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‘It’s been a journey’: Some Carroll County donation services see increase in contributions during pandemic

As the coronavirus pandemic surged around the country and began closing community centers, businesses, schools and other locations, local donation organizations have seen an increase in charitable contributions.

Goodwill Industries of Monocacy Valley serves eight retail stores within Carroll and Frederick counties and three of the eight locations are in Carroll — Eldersburg, Hampstead and Westminster. Amy Lyons, director of community engagement for Goodwill Industries of Monocacy Valley, said these locations have received a significant amount of donated goods during the pandemic.

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“We know that many people have been cleaning up their homes and garages,” Lyons said. “This pandemic has forced people to stay home and tackle projects they have put off prior to COVID, so people are getting in there and doing home cleanups and getting rid of clutter and other items they no longer use.”

Overflow items are stored in the organization’s warehouse and are distributed out to stores that need them, Lyons said. Some items are being withheld from distribution as the staff looks for alternative storage options until they items can be place in the retail stores.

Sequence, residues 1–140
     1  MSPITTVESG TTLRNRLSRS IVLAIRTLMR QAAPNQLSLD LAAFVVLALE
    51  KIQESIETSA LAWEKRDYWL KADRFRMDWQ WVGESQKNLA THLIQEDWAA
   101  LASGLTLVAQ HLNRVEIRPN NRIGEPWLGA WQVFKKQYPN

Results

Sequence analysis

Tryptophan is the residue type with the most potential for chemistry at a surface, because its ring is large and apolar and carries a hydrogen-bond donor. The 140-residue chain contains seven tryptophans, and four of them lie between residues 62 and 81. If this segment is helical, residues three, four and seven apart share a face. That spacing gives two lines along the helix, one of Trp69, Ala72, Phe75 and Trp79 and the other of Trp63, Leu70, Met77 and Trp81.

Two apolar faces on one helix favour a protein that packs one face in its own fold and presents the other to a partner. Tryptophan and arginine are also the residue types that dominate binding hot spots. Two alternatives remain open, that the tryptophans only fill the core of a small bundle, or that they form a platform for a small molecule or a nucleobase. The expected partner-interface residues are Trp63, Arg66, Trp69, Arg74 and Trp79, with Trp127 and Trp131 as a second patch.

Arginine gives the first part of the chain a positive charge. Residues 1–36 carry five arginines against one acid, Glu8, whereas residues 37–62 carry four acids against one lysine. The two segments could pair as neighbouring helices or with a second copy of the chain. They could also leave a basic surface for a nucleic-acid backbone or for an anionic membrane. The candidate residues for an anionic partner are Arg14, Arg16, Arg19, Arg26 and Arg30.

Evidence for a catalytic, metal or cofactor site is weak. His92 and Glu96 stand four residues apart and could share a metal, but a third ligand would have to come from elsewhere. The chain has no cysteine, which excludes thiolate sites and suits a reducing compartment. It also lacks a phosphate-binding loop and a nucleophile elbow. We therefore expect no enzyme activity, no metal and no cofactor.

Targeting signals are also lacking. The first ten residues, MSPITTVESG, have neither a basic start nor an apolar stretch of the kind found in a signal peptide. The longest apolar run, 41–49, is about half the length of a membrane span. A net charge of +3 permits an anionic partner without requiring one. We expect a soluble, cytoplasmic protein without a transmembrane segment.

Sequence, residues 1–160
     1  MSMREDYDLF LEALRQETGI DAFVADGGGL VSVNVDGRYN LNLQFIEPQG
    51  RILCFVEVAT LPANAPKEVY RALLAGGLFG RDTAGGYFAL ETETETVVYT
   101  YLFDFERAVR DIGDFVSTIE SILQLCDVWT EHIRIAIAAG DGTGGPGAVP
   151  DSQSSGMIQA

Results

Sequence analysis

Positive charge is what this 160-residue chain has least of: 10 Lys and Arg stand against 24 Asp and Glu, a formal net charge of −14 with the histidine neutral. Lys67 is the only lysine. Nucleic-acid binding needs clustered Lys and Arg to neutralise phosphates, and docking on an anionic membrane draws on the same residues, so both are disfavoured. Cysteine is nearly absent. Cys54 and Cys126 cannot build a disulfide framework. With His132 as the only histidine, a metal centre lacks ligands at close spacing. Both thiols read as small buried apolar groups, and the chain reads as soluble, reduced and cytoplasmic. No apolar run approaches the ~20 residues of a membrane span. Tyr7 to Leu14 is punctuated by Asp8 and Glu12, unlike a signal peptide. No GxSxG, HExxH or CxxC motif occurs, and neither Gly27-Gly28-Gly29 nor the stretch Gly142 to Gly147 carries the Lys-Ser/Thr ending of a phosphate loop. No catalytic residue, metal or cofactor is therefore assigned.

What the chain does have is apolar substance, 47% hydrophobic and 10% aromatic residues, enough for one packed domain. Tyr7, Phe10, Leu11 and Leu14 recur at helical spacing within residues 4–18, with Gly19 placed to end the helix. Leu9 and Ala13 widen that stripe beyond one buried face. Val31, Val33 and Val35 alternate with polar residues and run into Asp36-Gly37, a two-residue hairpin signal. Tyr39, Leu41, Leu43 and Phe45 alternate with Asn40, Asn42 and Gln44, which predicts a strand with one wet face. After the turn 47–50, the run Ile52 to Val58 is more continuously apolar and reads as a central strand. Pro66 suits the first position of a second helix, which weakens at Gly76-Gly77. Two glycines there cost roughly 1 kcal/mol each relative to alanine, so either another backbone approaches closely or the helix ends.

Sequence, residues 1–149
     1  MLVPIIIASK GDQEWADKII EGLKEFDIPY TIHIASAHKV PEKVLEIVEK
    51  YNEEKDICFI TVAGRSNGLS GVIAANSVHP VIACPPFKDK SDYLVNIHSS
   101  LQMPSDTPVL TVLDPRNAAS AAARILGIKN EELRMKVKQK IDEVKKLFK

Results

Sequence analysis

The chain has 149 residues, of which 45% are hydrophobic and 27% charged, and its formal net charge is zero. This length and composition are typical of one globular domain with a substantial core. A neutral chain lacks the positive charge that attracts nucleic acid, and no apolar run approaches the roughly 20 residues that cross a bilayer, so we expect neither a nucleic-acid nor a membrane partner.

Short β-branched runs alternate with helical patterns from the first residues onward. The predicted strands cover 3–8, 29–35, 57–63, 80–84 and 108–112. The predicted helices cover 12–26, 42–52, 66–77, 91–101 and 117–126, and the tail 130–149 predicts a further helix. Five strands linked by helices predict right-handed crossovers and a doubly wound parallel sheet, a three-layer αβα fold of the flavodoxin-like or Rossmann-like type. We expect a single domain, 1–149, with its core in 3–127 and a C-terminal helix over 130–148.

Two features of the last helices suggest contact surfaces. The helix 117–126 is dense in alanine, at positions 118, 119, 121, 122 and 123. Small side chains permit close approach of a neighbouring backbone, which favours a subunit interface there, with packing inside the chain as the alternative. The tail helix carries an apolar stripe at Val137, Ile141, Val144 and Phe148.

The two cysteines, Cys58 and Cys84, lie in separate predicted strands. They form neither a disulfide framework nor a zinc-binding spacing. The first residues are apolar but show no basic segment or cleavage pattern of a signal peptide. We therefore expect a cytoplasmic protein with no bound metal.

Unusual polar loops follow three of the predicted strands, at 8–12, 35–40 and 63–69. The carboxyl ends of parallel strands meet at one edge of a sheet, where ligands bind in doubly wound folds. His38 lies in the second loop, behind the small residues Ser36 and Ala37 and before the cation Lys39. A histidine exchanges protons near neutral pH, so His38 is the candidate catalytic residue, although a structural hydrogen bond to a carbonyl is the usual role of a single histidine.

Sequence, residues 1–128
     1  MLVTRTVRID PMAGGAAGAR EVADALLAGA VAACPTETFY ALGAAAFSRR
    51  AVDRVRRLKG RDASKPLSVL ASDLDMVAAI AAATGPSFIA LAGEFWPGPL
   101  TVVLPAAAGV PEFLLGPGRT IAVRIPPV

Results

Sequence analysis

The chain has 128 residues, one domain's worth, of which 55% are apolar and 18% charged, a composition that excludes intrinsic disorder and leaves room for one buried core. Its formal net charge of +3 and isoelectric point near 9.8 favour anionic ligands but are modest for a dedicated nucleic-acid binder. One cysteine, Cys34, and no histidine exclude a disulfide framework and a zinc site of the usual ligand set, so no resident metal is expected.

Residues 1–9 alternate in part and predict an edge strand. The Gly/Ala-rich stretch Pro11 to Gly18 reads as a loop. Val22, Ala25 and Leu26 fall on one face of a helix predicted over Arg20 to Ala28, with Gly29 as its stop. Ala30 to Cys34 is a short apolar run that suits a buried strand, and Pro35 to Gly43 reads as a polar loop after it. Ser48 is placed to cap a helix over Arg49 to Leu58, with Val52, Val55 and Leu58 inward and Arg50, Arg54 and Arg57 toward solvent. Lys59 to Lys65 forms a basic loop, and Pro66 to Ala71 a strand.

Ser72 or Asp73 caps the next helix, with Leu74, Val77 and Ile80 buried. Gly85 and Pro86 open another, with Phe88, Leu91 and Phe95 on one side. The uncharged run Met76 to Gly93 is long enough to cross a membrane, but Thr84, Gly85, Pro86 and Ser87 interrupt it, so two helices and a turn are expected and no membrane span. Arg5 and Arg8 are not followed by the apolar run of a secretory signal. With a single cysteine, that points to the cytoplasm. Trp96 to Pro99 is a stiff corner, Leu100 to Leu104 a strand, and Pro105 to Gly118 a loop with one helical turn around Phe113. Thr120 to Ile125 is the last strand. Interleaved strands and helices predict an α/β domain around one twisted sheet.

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“We separate our donated items into separate bins to get them ready in our processing area,” Lyons said. “We get them ready for pricing, we tag them, and the hope is that we can get fresh products out there for shoppers to purchase and create a very pleasant shopping experience for people looking for a good bargain.”

Donations are collected, sorted, priced and readied for sale in the production room at Goodwill Industries of Monocacy Valley's Westminster Store Friday, Dec. 18, 2020.
Donations are collected, sorted, priced and readied for sale in the production room at Goodwill Industries of Monocacy Valley's Westminster Store Friday, Dec. 18, 2020. (Dylan Slagle / Baltimore Sun Media Group)

Stephanie Halley, executive director of the Westminster Rescue Mission, said the nonprofit organization has received just as many, if not more, food donations during the pandemic. Thrift donations were difficult, however, because the Mission was forced to close its thrift store for a time.

“It’s been a journey,” Halley said. “In the beginning of COVID, we had a dip with our food program as everyone did because just like you went to the grocery store and couldn’t find mean, we couldn’t get meat either. There have certainly been things that have been difficult to get, but that was more in the beginning of the pandemic.

“Since then, a lot of that has worked itself out.”

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Westminster Rescue Mission works closely with the Maryland Food Bank as the largest re-distributor of food in Carroll County. The organization sends trucks to pick up food from restaurants and stores to bring back to the campus and distribute the items into the community through its food pantry.